Tim Stone. 28th January


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  • As Government we don’t try to determine or dictate what should be built, where or when, in order to meet future demand and reduce carbon emissions. We rely on private market principles, where underlying supply and demand mechanics will set price signals for new capacity additions.Others are better qualified and resourced to do that. So while security of supply is formally and legally the responsibility of the Secretary of State, our approach is not to discharge that responsibility by trying to run energy supply from Whitehall. Instead we rely on markets, we create the conditions in which they can operate effectively, establish regulation, and monitor to see where they may not be able to deliver all the results we need.
  • Liquid wholesale markets producing efficient energy pricesAllow participants to sell energy to counterparties who want energy and vice versaTraders can be financial and physicalMultiple trading options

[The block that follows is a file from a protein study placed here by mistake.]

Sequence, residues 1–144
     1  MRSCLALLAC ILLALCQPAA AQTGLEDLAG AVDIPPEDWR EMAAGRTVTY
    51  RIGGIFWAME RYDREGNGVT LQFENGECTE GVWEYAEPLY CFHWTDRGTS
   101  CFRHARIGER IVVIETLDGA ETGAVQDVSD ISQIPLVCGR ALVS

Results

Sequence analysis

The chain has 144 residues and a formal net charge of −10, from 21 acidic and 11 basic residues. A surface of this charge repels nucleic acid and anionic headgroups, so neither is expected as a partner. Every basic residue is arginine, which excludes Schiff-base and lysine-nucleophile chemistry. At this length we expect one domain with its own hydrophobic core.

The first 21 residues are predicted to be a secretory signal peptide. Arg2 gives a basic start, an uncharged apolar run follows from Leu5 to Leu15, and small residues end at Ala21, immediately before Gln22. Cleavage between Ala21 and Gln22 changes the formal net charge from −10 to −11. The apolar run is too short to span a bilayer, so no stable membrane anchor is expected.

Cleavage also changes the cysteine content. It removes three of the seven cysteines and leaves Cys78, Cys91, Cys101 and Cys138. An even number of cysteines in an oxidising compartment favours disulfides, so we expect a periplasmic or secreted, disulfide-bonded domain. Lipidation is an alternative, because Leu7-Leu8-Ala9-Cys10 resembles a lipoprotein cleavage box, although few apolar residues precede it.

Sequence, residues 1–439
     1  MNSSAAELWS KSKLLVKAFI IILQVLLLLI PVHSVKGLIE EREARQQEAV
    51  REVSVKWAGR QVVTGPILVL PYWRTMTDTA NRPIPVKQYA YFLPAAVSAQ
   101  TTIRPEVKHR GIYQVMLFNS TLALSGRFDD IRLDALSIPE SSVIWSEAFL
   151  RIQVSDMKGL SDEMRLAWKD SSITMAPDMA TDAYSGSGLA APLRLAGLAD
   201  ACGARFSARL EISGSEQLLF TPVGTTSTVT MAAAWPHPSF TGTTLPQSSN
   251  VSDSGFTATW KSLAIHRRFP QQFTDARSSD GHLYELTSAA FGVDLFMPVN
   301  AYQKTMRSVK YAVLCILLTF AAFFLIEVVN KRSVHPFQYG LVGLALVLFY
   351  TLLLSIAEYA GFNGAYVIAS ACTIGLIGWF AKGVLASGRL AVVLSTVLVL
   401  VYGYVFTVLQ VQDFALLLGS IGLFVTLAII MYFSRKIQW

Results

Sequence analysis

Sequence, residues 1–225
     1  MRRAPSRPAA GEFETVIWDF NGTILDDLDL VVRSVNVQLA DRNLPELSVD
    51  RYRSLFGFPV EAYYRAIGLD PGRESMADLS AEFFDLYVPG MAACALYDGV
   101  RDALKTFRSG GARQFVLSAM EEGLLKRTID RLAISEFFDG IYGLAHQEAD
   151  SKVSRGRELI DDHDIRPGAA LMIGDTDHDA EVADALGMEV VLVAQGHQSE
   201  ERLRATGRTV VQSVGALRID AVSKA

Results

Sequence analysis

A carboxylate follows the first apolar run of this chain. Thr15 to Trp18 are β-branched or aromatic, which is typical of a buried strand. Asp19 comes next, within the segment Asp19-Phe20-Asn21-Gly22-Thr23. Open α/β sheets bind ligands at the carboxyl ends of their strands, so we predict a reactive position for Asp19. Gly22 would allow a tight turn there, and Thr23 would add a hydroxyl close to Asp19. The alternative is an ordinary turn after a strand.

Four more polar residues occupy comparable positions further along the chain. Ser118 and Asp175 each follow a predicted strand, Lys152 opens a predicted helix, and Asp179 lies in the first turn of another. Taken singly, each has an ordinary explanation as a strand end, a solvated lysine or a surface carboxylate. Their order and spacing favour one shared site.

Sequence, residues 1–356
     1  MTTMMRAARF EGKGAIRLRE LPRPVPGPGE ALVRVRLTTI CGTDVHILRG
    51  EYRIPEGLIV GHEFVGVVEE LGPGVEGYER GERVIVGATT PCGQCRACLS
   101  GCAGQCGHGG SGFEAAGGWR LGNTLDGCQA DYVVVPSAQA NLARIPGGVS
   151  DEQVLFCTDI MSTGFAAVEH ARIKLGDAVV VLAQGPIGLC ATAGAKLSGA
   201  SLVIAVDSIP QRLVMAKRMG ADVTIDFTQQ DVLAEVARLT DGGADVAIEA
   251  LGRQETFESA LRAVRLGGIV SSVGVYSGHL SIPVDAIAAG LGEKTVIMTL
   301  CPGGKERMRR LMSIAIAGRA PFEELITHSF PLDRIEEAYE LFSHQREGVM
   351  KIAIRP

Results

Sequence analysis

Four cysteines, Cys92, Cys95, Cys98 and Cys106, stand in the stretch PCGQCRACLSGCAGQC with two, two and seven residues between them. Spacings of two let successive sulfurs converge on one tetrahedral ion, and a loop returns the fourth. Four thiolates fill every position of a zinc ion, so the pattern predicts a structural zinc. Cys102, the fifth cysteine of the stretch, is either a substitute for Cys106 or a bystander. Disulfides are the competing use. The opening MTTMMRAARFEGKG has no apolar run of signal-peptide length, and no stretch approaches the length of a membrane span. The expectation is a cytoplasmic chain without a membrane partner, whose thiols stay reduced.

• Govt role transparent and stable regulatory environment – provide certainty to investors – cost of capital - prices. ensure price signals clear to ensure investment provide incentives to lead market to outcomes required by public interest where otherwise wouldn’t happenThe Government makes sure that the legal duties of the market regulators are clear and appropriate. The primary duty of Ofgem is to protect the interests of gas and electricity consumers, but it also has a range of secondary duties. Government should intervene only to address market failures.Protecting consumers is Ofgem’s first priority. Ofgem does this by:- promoting competition, wherever appropriate, and - regulating the monopoly companies which run the gas and electricity networks.Other priorities and influences include:- helping to secure Britain’s energy supplies by promoting competitive gas and electricity markets - and regulating them so that there is adequate investment in the networks, and contributing to the drive to curb climate change and other work aimed at sustainable development by, for example: helping gas and electricity industries to achieve environmental improvements as efficiently as possible; and taking account of the needs of vulnerable customers, particularly older people, those with disabilities and those on low incomes.Ofgem can be held to account for how well it fulfils its objectives in a number of ways: parliamentary scrutiny, appeals to the Competition Commission, judicial review, transparency through regulatory impact assessments, and consumer representation.While Ofgem is independent, Ofgem’s objectives apply to our Secretary of State as well: this ensures consistency.Ofgem administers licensing system for gas and electricity. Ofgem Licence conditions frequently require licensees to belong to various industry codes, which govern the interactions between energy businesses and the way they all contribute to the wider systems. Many aspects of gas and electricity markets, such as supply, are seen as fully competitive. Participants determine their prices in the context of their competitors, and competition prevents them from profiteering at the expense of customers. So in these areas Ofgem does not have a role in setting prices. But networks (pipes and wires) as I’ve said are necessarily monopolies – it would be impractical for competitors to set up alternative networks. So Ofgem agrees price controls with the network operators – these include allowances for maintenance of networks etc but limit the costs that can be raised through charges.Ofgem can fine a business up to 10% of its UK turnover for a licence breach. Under Competition powers, businesses can be fined up to 10% of group turnover. As energy regulator, Ofgem has a key role in contributing to the Govt’s energy goals. As well as these activities, it is also working with Govt on fuel poverty, deployment of renewables and other policy areas, and it administers renewable obligation on behalf of Govt – policies delivered by energy companies.National Grid must balance output and demand on a second by second basis. Electricity is bought and sold through a complex trading market. With a lot of generators feeding into a system.All involved parties are obliged to work effectively by the Balancing and Settlement Code. The BSC contains the rules and governance arrangements for electricity balancing and settlement in Great Britain, and a company named ELEXON is responsible for ensuring its proper, effective and efficient implementation.